SPOKANE COUNTY, Wash. — KREM 2 first reported about a problem at the pump impacting drivers in the Spokane area, who tell us their fuel tanks were filled with gas contaminated with water at a number of gas stations.
Since that first report, more people have emailed KREM 2 with the same issue, which is costing them hundreds or sometimes thousands of dollars in engine repairs.
Corina Fletcher told KREM 2 she fueled up at the 76 station at Wandermere on December 27 with an online receipt to show her purchase. She also provided an invoice for an $800 engine flush that her mechanic told us was necessary to fix the problem.
Fletcher says the main office for the 76 R&B Super Stop told her they wouldn't pay for the bill because she filled up with unleaded, but the issue was with their premium tank.
When KREM 2 called the office, we were also told the water leaked into the premium tank and that the company had already paid for numerous towing and repair bills for those customers. When we asked for an interview Wednesday, we were told we'd get a callback, though that didn't happen.
The station's representative did answer our call on Thursday with new information, though she couldn't speak on camera. She told us they're now paying for all customers who had contaminated gas.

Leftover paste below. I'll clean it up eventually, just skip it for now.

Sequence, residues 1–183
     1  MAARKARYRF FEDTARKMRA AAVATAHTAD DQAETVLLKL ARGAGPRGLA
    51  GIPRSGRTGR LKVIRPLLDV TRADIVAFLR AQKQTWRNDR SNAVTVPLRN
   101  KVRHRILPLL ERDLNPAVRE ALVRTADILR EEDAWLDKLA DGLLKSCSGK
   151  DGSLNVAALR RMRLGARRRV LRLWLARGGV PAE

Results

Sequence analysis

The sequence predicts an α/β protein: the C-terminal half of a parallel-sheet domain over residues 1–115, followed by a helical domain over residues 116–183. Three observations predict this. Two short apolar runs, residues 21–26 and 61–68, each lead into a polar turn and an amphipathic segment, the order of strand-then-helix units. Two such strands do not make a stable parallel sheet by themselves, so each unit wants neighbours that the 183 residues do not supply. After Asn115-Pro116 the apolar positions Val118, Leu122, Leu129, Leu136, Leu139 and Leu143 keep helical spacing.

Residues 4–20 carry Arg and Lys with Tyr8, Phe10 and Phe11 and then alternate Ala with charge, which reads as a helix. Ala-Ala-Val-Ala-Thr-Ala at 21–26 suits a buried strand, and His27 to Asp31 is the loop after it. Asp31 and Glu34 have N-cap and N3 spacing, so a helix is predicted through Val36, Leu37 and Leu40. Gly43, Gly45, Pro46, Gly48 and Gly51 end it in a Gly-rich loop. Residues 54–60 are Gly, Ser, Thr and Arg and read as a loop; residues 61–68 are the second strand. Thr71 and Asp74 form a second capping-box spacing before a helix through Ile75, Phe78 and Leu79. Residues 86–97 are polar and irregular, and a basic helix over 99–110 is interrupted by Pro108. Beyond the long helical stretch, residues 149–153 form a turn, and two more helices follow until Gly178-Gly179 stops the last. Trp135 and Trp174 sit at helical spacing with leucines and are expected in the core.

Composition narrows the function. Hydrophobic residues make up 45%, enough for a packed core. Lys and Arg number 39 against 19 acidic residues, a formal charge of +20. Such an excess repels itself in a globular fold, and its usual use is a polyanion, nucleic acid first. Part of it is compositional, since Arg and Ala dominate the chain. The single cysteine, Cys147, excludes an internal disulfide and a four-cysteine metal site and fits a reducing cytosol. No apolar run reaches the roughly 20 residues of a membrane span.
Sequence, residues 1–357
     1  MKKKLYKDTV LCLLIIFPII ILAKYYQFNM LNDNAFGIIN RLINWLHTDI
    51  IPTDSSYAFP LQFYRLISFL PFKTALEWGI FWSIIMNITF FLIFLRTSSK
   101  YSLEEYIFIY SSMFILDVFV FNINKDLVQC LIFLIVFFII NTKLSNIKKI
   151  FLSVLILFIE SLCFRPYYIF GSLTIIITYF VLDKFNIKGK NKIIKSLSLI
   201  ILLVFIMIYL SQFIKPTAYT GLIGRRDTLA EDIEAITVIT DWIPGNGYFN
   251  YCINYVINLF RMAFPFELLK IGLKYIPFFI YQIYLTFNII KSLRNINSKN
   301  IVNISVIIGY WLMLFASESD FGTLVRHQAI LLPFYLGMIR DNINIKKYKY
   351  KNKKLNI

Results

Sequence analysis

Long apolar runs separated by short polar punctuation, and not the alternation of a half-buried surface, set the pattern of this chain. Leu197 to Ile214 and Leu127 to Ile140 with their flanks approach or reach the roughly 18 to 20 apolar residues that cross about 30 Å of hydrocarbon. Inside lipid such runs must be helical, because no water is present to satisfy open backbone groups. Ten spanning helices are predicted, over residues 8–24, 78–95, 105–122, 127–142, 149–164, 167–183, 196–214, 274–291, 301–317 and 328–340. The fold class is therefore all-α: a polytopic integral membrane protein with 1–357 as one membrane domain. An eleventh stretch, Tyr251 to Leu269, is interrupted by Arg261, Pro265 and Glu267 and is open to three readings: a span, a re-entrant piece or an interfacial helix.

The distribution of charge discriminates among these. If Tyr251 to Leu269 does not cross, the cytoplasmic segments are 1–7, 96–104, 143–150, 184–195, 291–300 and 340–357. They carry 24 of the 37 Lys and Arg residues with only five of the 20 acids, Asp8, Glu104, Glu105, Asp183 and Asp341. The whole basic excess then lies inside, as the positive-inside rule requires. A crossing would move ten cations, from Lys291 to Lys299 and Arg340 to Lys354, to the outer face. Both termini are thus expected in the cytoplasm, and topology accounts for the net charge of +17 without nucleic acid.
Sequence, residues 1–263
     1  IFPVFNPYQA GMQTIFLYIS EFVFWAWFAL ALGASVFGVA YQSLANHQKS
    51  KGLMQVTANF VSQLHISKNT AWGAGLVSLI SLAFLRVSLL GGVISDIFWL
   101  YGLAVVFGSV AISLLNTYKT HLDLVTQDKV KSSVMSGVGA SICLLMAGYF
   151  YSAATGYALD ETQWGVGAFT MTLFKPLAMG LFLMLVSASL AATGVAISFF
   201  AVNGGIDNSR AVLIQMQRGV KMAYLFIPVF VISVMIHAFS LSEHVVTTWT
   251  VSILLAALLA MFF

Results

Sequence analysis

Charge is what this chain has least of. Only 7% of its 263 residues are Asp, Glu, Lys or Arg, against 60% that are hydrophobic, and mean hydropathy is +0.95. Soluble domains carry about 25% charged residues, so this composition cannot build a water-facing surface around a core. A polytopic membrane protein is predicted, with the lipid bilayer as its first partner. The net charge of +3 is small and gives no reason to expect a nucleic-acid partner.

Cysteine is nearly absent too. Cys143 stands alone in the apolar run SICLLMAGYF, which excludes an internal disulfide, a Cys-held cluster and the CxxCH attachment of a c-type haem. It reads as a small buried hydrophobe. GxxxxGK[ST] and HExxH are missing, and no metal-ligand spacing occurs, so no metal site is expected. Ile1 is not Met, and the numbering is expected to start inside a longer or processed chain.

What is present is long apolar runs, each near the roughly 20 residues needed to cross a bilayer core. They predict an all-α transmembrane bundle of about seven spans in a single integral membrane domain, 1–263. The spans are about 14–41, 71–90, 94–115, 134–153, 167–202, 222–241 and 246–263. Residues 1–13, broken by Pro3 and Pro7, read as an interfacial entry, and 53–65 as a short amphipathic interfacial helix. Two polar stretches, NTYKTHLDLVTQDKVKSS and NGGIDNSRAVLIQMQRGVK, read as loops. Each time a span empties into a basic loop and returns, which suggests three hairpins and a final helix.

They believe the extremely cold temperatures in December damaged a part in the premium tank, leaving it open and allowing water to leak in. They say they now think after premium customers pumped from that tank, residual contaminated fuel was left in the hose and got into other customers' tanks when they filled with regular.
You can contact the main office at (509) 892-5186 to start the reimbursement process, though they'll have to verify your fuel purchase first.
Other reports on social media show this wasn't the only gas station with the same issue, so KREM 2 is continuing to investigate how widespread this situation may be.
We contacted the Weights and Measures division of the Washington Department of Agriculture, which regulates and inspects gas stations.
A program manager wasn't able to do an interview but told us the program is interested in investigating the issue.
KREM 2 has put in records requests for results from a random monthly quality test the division does on gas stations, as well as records from complaints about contaminated gas. Those records weren't immediately available.
The program manager does say the best way to launch an inspection at a gas station is to file a complaint; they want anyone impacted by watered-down fuel to do so by emailing firstname.lastname@example.org or by calling (360) 902-2035.
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